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Frequency of recurrent urinary tract infection in patients with pelvic organ prolapse

Authors Toz E, Kurt S, Şahin, Canda MT

Received 5 November 2014

Accepted for publication 17 December 2014

Published 28 January 2015 Volume 2015:7 Pages 9—12

DOI https://doi.org/10.2147/RRU.S77061

Checked for plagiarism Yes

Review by Single-blind

Peer reviewer comments 2

Editor who approved publication: Dr Jan Colli


Emrah Töz,1 Sefa Kurt,2 Çagdas Sahin,1 Mehmet Tunç Canda3

1Department of Obstetrics and Gynecology, Tepecik Training and Research Hospital, Izmir, Turkey; 2Department of Obstetrics and Gynecology, Izmir Dokuz Eylül University, Izmir, Turkey; 3Department of Obstetrics and Gynecology, Kent Hospital, Izmir, Turkey


Purpose: The aim of the study was to investigate the existence of a relationship between pelvic organ prolapse (POP) and recurrent urinary tract infection (UTI).
Materials and methods: The hospital database was searched for women diagnosed with pelvic floor disorders and all medical records were reviewed for recurrent UTI, diagnosed by two or more positive urine cultures taken within 12 months of each other. The control group was created using one-to-one matching for age and menopausal status. The prevalence of recurrent UTI in these patients were compared.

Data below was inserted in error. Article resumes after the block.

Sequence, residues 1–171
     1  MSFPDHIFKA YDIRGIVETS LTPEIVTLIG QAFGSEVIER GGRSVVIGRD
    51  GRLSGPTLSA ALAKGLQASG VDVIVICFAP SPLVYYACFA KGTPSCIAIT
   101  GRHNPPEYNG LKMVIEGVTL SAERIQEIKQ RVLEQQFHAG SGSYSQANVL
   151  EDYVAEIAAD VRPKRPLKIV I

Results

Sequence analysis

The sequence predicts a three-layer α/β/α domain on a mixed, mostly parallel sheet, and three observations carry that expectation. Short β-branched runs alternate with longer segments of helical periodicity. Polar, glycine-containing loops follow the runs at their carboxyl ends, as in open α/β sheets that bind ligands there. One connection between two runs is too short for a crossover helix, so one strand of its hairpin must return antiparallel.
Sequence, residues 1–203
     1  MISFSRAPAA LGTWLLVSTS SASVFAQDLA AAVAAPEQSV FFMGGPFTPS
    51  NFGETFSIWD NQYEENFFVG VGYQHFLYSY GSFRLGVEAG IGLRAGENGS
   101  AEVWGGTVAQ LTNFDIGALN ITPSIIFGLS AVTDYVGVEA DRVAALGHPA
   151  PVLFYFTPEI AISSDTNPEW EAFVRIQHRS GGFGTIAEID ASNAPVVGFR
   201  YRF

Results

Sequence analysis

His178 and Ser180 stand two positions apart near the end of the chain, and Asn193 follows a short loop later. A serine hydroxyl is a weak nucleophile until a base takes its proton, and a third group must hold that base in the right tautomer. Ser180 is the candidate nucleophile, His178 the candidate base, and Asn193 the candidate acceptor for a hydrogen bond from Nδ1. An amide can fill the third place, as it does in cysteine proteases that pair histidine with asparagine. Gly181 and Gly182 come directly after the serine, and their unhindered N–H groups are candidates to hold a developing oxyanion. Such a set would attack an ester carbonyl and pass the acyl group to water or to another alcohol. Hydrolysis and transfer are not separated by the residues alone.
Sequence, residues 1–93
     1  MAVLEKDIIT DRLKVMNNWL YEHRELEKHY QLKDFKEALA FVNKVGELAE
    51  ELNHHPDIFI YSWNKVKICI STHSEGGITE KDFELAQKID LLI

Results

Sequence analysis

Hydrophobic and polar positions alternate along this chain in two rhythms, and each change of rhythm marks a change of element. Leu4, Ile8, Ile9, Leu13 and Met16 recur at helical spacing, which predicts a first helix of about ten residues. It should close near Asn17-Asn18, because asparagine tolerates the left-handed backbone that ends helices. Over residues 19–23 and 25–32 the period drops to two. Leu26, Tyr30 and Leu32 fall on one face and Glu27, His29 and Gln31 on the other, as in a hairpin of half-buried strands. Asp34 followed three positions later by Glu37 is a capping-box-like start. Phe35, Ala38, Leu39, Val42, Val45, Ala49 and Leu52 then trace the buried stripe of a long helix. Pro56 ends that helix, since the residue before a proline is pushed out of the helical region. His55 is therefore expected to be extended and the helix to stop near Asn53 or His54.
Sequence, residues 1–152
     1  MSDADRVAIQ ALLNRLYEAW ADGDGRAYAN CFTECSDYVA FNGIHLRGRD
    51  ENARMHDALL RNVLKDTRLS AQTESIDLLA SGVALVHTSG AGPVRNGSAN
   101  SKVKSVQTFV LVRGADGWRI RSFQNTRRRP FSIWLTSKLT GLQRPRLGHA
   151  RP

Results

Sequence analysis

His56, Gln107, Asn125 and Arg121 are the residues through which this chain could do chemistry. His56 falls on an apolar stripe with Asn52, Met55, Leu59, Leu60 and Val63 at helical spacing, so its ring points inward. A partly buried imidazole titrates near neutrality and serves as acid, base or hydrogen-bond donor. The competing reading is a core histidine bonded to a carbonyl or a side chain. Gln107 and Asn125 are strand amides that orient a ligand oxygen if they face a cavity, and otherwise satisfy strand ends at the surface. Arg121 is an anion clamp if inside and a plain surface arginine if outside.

Results: The mean age of the 210 participants was 54.64±5.15 years. We found no association between POP and recurrent UTI. In the prolapse group, 22 women (21%) had recurrent UTI compared with 19 women (18%) in the control group (P=0.316). Post-void residual (PVR) volumes >50 mL were associated with increased prevalence of recurrent UTI.
Conclusion: POP is not a risk factor for recurrent UTI, but women with POP are more likely to have high PVR volumes. High PVR volumes increase the risk of recurrent UTI. Clinical examination and ultrasound assessment of PVR should be performed in all women presenting with prolapse and UTI. Elevated PVR is the most significant risk factor, linking POP with recurrent UTI.

Keywords: recurrent urinary tract infection, pelvic organ prolapse, post-void residual

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